Roger Johns, reporting for blog duty, on the day before the eclipse.
As part of my preparations for Bouchercon 2017, in Toronto, on October 11-15, I’m reading books by my five fellow panelists. The title of the Panel is “Duos: Two Lead Characters are Better than One”, so all of the books involve crime-solving duos of one sort or another. I’ve finished books by three of the authors (four, if you count the book I’ve written), and I’m in the middle of reading the last two. Yes, I’m one of those people who read several books at once.
I had hoped to finish all of them before I needed to write this post, but I’m a slow reader. Maybe ‘deliberate’ might be a more accurate description. I find that I no longer read books like I used to. There’s always something to learn from the way other writers accomplish certain tasks. Proceeding on the assumption that there is a certain kind of magic that takes place between our ears when we read (how else do you explain what happens when the little symbols on the page evoke entire worlds peopled with real-seeming characters living real-seeming lives), I’m always interested to know another writer gets things done. So, whenever I get a chance to peek into their bag of tricks (i.e. read their books) I take my time and I take the endeavor very seriously.
And every time I open a new book, it’s always begins the same way––my hopes rise as my eyes find the first word of the first sentence on the first page. It could go either way, fromt here. It could be a thrill ride, a disappointment . . . or it could something in between. Always, I’m prepared for (hoping for) the thrill ride––the chance to watch someone pull off a clever trick or accomplish a seemingly impossible bit of literary sorcery by conjuring an intense emotional response, fooling me with a clever bit of misdirection, surprising me with an interesting turn of phrase, or putting a character on the page that I wish I could get to know in real life.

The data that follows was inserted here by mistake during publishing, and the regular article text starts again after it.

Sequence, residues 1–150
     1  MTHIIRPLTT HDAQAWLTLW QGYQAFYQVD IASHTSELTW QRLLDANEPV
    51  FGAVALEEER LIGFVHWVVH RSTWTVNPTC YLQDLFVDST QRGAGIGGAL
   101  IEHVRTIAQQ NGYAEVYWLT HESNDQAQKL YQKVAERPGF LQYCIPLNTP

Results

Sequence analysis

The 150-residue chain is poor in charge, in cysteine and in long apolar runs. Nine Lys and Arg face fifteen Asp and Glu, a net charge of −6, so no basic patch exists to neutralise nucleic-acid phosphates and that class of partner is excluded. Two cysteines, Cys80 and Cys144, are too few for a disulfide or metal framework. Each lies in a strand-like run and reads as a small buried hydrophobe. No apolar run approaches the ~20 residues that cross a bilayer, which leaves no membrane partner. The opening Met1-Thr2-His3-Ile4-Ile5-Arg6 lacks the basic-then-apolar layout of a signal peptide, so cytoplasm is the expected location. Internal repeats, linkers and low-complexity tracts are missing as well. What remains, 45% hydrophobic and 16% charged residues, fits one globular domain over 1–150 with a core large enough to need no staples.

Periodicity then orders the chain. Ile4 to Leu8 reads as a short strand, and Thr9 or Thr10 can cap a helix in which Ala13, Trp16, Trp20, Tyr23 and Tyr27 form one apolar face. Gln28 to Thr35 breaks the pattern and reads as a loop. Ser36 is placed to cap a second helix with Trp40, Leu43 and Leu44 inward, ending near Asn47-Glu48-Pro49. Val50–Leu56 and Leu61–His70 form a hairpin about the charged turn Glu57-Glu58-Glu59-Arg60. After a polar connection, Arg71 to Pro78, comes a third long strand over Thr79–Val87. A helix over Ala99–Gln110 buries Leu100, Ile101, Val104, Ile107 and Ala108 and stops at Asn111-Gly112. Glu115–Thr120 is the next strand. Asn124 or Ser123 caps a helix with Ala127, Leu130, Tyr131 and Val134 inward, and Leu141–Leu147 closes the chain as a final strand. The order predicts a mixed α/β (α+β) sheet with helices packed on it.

So, back to the books written by my fellow panelists. In the immortal words of Bob Dylan, the great songwriter and recent Nobel laureate: I can’t help it if I’m lucky. Five books, by five authors I’ve not read before, and all of them fall into the thrill ride category. It’s like being dealt a royal flush. Actually, more like five aces (which I know is not actually possible, but it still feels that way).
Among practitioners of criminal law, there’s an old saying: ‘Justice delayed is justice denied.’ In Justice Delayed, we learn just how heartbreakingly true this bit of lawyerly wisdom can be, when author Marti Green, takes on the unreliability of eye-witness accounts and the legal and social issues raised by death-penalty cases.
Heather Gudenkauf, in Not a Sound, chronicles the tribulations of a woman who lost her husband and her profession when the emotional toll of being rendered deaf by an accident spins her down into the depths of alcoholism. As she tries to reassemble her life, the murder of a former colleague spins her life in a new direction where she must contend with a lurking danger that inches closer as she digs deeper into facts of the death.
In Murderabilia, Craig Robertson gives us a look inside the utterly disturbing obsession some ‘collectors’ have––yes, it’s just what you think it is, people who collect souvenirs and memorabilia relating to killers and their victims. And, apparently, this really does go on. The police detective, sidelined for medical reasons, and her partner, a journalist who used to be a police crime scene photographer bend the rules to work a high profile murder that just isn’t what it seems.
James Hayman (a Portland, Mainer, just like my fellow MurderBook blogster Bruce Coffin) shows us the hard face of revenge in The Girl on the Bridge. The notion of justice delayed takes on a whole new meaning in this book. And just when you think you know what’s happening . . . you don’t.
And, in Physical Forces: A K-9 Rescue Novel, by D.D. Ayres, we get a good look into the world of animal theft and discover that crime-fighting is not a purely human endeavor.